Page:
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Clostridium difficile infection (C diff) is a bowel infection caused by toxin-producing bacteria. C diff is a serious infection that can range from mild diarrhea to severe inflammation of your colon that can be life threatening. C diff is not caused by anything you eat and you can’t cure it with diet changes. The treatment is a specific type of antibiotic that will kill the bacteria. [1,2]
What Causes C diff?
About 10 to 20 percent of people have diarrhea as a side effect of taking an antibiotic. That’s because antibiotics can kill the healthy bacteria in your colon, allowing “bad” bacteria to grow. Bad bacteria can cause inflammation and diarrhea. C diff is a particularly bad bacteria that takes over when healthy bacteria decrease. C diff produces a poison (toxin) that is very damaging to your colon. [1,2]
C diff infection is more common if you have taken a type of antibiotic that kills lots of different types of bacteria, called a broad-spectrum antibiotic like clindamycin, cephalosporins, and quinolones. You could be at higher risk if you are elderly or sickly or in a hospital or long-term care facility. [1,2]
What Are the Symptoms of C diff Infection?
The main symptom is crampy and watery diarrhea. You may also have fever, nausea, and vomiting. Dangerous infection may cause fever, bloody diarrhea, and a distended, tender belly. If you have any of these symptoms let your doctor know. C diff is diagnosed with stool testing to look for C diff toxins. [1,2]
How Is C diff Treated?
Your doctor may stop or change an antibiotic that you are still taking if possible, but you will need to start another antibiotic that kills C diff bacteria. The first choice is an antibiotic called metronidazole. Other options are vancomycin and fidaxomicin.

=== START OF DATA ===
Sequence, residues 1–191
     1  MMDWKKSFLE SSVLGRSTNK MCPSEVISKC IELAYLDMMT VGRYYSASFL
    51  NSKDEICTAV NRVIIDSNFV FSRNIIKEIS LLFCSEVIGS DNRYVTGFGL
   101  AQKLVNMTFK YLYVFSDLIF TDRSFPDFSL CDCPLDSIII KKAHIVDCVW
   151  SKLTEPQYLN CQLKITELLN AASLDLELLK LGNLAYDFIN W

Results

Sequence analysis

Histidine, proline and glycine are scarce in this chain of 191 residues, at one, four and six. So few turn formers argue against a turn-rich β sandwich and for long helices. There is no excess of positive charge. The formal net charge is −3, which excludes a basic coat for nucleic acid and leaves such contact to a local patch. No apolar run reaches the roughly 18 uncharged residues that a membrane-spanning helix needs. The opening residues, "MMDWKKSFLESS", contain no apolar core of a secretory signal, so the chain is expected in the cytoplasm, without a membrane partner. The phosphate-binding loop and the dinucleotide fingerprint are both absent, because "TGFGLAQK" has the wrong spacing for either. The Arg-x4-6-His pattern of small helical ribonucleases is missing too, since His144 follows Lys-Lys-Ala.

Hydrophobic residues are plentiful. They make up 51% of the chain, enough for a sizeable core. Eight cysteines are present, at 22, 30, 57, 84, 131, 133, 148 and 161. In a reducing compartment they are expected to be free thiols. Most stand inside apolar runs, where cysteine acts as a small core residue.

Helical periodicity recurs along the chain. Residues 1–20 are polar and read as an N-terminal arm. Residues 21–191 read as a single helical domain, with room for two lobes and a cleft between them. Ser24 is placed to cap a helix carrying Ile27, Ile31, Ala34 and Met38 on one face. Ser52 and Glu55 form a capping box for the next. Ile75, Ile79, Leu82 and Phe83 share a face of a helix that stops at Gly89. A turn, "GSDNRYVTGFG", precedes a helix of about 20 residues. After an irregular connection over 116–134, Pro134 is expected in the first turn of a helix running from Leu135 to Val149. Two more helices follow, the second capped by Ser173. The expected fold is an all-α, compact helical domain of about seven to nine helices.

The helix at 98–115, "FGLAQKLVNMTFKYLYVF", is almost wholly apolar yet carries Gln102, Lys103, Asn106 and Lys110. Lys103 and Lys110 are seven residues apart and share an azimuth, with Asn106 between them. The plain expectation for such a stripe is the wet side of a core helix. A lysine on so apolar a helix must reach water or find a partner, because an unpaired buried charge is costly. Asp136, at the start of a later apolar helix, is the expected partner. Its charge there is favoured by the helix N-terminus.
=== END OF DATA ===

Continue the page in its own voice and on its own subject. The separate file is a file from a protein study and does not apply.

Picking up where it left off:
An emerging alternative treatment is a stool transplant from a healthy stool donor, called a fecal microbiota transplant (FMT). Studies show that FMT can replace harmful bacteria, like C diff, with healthy bacteria and restore a healthy bacterial balance in your colon. About 20 percent of people get a recurrence of C diff after treatment. FMT may be most valuable in these cases. 
What Should You Eat to Help a C diff Infection?
Diet changes will not get rid of a C diff infection, but they may help you manage the diarrhea.  One possible change is to add probiotics, which are common in foods like yogurt, kefir, sauerkraut, tempeh, or miso. According to the Academy of Nutrition and Dietetics, live cultures of “friendly bacteria” may be helpful for C diff diarrhea. 
The Academy of Nutrition and Dietetics also says that although there is not much research on the best diet for C diff diarrhea, some studies suggest a diet that includes soluble fiber and reduces insoluble fiber.
Soluble fiber foods include:
- Citrus fruits
- The pulp of apples
Insoluble fiber foods include:
- Whole wheat in breads and cereals
- Brown rice and other whole grains
- Brussel sprouts
- Apple skin 
Mayo Clinic suggests drinking plenty of fluids and starting with a liquid diet until you get your appetite back. Mayo also warns that some people develop a temporary lactose intolerance, so you might want avoid milk-based foods for a while.
Good foods for managing diarrhea include:
- Starchy foods (potatoes, noodles, rice, and oatmeal)
- Saltine crackers
- Boiled vegetables 
The bottom line is that symptoms of C diff should not be ignored. They do require a diagnosis and medical treatment. Diet changes may help you manage diarrhea until treatment takes effect. [1,2]
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- American College of Gastroenterology, C. Difficile Infection, https://gi.org/topics/c-difficile-infection/
- Mayo Clinic, C. difficile infection, https://www.mayoclinic.org/diseases-conditions/c-difficile/diagnosis-treatment/drc-20351697
- Academy of Nutrition and Dietetics, Diet and C. Difficile, https://www.oncologynutrition.org/erfc/eating-well-when-unwell/surgery/diet-and-c-difficile